The WNT-induced expression of Gas1 and the SHH-N binding activity of its encoded protein support a model in which GAS1 functions as a mediator of WNTs' antagonism to SHH-N in the dorsal somite. The boundary of SHH-N diffusion was thought to be controlled locally through a self-imposed negative feedback loop involving the binding proteins PTC1 and HIP1 (14, 28). Recently, a long-range diffusible form of SHH-N has been identified in the anterior limb (29), where little or no Ptc1 and Hip1 is detected. Because Ptc1 expression and Hip1 expression serve as markers for SHH signaling activity, the detection of the long-range form of SHH-N implies that it is subjected to negative modulation at a distance from its source. Here we show that Gas1 is expressed at a distance from the SHH source (including the anterior limb) and distal to the Ptc1 expression domains. Moreover, the protein is capable of negatively regulating the availability of SHH-N activity with somitic mesoderm as an assay system. Taken together, these results suggest that GAS1 binding serves as a general mechanism to reduce the actions of both SHH and IHH at a distance.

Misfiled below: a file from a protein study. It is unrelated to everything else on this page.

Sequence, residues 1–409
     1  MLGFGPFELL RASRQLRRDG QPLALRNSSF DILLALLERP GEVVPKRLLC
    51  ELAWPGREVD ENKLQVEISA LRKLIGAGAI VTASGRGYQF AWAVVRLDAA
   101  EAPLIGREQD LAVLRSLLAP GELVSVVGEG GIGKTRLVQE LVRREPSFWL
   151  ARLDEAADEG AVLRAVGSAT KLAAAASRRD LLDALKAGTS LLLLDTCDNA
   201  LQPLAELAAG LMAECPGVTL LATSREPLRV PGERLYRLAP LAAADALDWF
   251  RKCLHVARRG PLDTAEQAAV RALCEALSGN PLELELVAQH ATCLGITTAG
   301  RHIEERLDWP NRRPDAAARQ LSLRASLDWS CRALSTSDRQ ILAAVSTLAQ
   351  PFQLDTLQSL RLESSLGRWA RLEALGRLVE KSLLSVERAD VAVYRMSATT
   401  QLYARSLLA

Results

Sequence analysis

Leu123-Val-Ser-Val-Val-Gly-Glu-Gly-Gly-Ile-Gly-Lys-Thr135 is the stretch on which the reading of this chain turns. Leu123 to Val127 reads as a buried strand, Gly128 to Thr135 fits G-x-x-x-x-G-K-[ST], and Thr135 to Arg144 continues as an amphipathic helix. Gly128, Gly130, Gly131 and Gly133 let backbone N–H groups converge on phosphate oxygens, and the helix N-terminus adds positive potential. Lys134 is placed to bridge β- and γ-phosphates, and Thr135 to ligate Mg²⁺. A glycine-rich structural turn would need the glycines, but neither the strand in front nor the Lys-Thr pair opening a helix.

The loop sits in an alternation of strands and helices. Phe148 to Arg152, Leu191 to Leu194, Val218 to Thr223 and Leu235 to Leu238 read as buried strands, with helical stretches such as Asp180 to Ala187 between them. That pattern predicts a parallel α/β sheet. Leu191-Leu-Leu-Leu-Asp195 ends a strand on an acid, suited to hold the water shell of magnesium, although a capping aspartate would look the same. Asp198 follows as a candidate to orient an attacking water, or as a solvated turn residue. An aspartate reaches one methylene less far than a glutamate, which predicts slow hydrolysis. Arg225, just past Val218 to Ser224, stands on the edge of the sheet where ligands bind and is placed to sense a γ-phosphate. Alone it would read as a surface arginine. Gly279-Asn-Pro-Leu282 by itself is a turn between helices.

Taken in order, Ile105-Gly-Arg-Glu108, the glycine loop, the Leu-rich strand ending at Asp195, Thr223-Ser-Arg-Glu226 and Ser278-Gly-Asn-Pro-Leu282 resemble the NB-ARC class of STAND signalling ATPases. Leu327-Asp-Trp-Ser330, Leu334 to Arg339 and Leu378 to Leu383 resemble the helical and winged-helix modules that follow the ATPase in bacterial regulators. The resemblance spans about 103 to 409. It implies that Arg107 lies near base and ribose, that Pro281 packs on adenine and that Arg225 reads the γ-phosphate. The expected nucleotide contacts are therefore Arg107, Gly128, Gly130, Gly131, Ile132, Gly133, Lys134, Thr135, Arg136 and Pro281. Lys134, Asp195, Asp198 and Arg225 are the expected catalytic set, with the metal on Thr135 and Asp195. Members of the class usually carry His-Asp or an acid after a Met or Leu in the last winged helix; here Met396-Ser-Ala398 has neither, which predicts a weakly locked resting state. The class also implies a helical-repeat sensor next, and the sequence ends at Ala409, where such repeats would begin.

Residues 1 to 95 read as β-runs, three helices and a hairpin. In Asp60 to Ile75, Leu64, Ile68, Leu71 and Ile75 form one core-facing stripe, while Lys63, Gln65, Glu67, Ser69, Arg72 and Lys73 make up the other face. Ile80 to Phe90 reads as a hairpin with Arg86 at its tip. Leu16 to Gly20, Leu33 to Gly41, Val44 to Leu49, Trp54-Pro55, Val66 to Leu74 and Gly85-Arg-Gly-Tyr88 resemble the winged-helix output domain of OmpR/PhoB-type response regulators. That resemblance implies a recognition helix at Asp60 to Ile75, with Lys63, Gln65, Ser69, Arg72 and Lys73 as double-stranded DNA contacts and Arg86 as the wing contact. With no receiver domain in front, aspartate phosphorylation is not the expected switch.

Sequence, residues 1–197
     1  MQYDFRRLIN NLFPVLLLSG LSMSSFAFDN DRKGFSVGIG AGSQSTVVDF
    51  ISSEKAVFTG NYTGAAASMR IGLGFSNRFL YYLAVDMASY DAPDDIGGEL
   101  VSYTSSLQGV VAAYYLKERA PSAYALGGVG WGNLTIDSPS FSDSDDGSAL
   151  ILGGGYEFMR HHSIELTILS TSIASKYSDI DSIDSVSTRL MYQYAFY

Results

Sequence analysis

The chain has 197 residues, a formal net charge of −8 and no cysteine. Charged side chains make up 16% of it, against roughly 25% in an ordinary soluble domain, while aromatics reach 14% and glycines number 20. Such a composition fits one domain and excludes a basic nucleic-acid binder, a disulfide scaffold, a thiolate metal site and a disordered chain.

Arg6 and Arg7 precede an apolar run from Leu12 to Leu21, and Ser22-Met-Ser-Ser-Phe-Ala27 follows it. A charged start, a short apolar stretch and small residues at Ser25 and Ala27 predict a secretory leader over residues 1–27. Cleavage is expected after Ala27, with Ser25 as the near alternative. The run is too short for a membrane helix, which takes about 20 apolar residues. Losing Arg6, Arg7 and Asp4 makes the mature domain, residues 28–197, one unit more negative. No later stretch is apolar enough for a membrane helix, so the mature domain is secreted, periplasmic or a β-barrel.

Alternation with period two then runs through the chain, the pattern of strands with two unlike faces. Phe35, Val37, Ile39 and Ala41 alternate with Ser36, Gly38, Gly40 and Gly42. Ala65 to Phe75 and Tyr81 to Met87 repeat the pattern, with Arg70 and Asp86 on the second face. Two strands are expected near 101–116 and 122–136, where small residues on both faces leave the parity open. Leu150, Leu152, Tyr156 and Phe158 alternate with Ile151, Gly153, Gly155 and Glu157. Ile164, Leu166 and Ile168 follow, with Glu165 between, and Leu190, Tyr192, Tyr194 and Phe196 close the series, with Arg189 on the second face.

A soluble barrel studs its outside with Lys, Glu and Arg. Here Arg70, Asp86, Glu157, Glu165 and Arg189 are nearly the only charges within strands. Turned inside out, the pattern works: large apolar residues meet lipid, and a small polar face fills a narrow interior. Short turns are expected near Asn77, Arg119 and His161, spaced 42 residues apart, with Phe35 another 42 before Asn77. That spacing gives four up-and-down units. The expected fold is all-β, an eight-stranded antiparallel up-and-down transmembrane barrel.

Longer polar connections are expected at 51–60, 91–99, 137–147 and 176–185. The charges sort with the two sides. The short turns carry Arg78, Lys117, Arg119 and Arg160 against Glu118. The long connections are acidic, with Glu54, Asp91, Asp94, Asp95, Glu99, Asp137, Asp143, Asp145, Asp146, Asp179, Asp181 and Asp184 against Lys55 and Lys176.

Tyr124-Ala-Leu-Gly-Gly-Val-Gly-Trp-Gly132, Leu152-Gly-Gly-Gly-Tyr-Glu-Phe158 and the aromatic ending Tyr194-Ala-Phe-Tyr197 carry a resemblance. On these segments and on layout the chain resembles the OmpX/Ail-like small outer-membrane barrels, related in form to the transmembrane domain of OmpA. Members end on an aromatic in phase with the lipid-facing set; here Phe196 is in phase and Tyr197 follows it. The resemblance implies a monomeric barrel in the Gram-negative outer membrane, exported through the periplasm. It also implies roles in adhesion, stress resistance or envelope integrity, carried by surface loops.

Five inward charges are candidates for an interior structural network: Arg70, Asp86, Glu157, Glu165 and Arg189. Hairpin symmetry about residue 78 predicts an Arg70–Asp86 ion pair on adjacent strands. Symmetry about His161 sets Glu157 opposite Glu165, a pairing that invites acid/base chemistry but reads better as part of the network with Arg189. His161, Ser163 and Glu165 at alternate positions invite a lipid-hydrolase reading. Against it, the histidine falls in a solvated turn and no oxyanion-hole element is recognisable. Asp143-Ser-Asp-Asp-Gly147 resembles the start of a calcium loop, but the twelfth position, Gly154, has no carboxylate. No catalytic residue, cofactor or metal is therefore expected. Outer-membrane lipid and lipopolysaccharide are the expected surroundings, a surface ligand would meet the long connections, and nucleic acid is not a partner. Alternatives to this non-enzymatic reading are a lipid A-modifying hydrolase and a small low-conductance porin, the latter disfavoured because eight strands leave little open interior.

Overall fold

The negative and positive regulation, respectively, of Gas1 and Ptc1 by SHH implies that multiple mechanisms control the patterning of the uncommitted psm by SHH (1). The combination of local feedback inhibitors of SHH activated by itself (via PTC1 and HIP1) and inhibition by GAS1 at a distance suggests an exquisite modulation of SHH availability. Intriguingly, there is no amino acid sequence homology between PTC1, HIP1, and GAS1. Analogously, Chordin, Noggin, and the DAN family of proteins have no clear homology, but in vitro expression studies suggest that they all act as inhibitors of BMP signaling (30). Although the phenotype of mouse embryos lacking Chordin does not reveal its role in gastrulation, Chordin/Noggin double-mutant embryos do show the importance of their combined action during mouse gastrulation (30). Gas1 null mutant mice have been generated and display defects in the eye (31), cerebellum (32), limb, and vertebra/ribs (unpublished observations). Although these tissues are known to be influenced by SHH signaling, the phenotypes cannot be explained simply by the antagonism between GAS1 and SHH, possibly due to compensatory activities of PTC1, HIP1, and/or SHH in the mutant. Thus, to determine precisely how PTC1, HIP1, and GAS1 work in concert to control SHH-N activity in vivo, it may be necessary to analyze double and triple null mutant combinations. Whereas we present data here that WNTs induce GAS1 in the dorsal somite to limit the activity of SHH, there is also evidence that SHH induces a frizzle-like protein, SFRP2, in the ventral somite to limit the activity of WNTs (33). It appears that the concerted action of inhibitory molecules of different structures, affinities, and regulated expression patterns is the recurrent theme in refining the boundaries and activities of signaling molecules during development.